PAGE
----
On 8 March 2018, the Appeals Chamber of the International Criminal Court (ICC) delivered its judgment confirming, for the most extent, the Reparations Order in the case The Prosecutor v. Ahmad Al Faqi Al Mahdi. C: ICC


The Prosecutor v. Jean-Pierre Bemba Gombo, Aimé Kilolo Musamba, Jean-Jacques Mangenda Kabongo, Fidèle Babala Wandu and Narcisse Arido.

On 8 March 2018, the Appeals Chamber issued a judgement on appeals against verdict and sentence in the ICC’s first case on the administration of justice relating to witness tampering.

Bemba, his lawyers Aimé Kilolo Musamba and Jean Jacques Mangenda Kabongo, together with aides Fidèle Babala Wandu and Narcisse Arido, had been found guilty, by Trial Chamber VII on 19 October 2016, of illicitly interfering with defence witnesses to ensure that they provided evidence in support of Bemba (article 70 Rome Statute). They were found to have corruptly influenced 14 witnesses in the Bemba’s trial on charges of war crimes and crimes against humanity.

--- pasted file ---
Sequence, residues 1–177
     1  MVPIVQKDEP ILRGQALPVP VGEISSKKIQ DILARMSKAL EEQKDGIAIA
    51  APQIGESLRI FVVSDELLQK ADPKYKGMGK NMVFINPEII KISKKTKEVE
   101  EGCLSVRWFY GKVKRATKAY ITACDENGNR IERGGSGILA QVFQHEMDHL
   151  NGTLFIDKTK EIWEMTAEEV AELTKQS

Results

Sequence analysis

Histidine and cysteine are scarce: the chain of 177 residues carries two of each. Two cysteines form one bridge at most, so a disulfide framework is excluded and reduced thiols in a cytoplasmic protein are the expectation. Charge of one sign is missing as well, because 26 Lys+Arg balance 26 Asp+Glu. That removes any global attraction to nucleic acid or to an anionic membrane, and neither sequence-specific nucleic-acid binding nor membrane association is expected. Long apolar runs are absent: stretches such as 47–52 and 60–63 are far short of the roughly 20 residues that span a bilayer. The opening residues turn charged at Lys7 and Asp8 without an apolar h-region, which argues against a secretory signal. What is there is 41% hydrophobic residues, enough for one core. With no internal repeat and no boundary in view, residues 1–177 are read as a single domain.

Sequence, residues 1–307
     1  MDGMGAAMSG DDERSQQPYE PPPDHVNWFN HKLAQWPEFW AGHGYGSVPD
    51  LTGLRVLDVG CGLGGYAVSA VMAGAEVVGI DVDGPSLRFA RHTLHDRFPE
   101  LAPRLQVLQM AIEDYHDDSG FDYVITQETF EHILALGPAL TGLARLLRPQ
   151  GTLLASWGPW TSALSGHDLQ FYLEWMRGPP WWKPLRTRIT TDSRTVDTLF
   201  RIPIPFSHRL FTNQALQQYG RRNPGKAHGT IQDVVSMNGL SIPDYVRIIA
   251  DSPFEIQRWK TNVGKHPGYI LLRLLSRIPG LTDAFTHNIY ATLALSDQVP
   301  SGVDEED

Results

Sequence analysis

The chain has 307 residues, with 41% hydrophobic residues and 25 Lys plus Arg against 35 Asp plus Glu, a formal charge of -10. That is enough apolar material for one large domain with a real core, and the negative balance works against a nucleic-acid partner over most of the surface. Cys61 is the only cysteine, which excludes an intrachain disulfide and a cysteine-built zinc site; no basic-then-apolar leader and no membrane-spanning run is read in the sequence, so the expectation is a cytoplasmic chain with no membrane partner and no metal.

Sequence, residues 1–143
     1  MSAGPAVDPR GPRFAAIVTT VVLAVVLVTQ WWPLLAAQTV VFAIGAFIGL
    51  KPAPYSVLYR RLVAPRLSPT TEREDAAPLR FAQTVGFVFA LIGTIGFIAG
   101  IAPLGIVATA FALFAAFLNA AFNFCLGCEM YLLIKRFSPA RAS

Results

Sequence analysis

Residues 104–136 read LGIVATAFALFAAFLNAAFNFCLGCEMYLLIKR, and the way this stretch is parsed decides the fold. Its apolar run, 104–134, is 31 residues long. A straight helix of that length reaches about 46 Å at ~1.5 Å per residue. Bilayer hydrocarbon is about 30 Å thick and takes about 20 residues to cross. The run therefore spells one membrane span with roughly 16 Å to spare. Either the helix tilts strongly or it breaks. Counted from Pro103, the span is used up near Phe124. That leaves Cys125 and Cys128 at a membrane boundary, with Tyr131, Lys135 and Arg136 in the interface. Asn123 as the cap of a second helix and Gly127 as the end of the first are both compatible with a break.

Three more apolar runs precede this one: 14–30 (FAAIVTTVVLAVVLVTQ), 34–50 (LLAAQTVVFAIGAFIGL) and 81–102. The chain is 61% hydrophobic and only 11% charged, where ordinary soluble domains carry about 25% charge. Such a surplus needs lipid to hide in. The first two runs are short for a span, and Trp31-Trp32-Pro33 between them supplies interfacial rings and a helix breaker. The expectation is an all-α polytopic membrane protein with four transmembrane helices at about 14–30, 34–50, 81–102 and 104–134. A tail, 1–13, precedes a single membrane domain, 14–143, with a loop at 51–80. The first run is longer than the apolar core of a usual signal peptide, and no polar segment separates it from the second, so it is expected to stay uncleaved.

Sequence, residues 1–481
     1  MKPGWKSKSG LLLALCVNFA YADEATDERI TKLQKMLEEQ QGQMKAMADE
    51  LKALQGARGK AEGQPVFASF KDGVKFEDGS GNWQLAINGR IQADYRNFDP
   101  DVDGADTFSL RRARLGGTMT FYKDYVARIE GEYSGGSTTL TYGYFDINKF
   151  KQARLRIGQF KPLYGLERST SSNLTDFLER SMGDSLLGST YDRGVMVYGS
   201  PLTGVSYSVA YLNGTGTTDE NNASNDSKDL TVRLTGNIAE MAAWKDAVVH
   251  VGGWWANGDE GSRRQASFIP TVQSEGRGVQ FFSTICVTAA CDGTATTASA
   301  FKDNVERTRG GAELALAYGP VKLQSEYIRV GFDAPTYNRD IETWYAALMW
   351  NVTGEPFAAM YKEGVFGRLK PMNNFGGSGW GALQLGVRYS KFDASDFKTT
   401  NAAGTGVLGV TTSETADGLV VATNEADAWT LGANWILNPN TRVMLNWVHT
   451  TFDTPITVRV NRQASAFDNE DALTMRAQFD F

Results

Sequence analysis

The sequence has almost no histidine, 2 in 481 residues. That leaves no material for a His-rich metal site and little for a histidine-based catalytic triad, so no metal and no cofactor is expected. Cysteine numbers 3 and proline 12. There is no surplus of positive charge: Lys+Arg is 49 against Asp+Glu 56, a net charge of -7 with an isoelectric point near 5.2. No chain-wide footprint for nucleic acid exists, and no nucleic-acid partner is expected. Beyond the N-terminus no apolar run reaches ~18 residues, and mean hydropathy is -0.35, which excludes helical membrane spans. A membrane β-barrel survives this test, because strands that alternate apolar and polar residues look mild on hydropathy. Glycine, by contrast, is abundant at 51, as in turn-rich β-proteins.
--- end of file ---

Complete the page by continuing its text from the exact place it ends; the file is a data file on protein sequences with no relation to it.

Arguments to be considered by the Appeals Chamber have been analysed in detail by Wairagala Wakabi of International Justice Monitor.


Appeals on the verdict

Bemba, Kilolo, Magenda, Babala and Arido had appealed the earlier judgement, requesting that their convictions be overturned. They contended this on various grounds, including: procedural errors, errors in interpretation of legal elements in article 70, errors in interpretation of modes of liability, and admissibility of evidence – referring to the fact that evidenced that was collected by ICC investigators through the by tapping of phone calls and interception of ting emails between Bemba and his lawyers.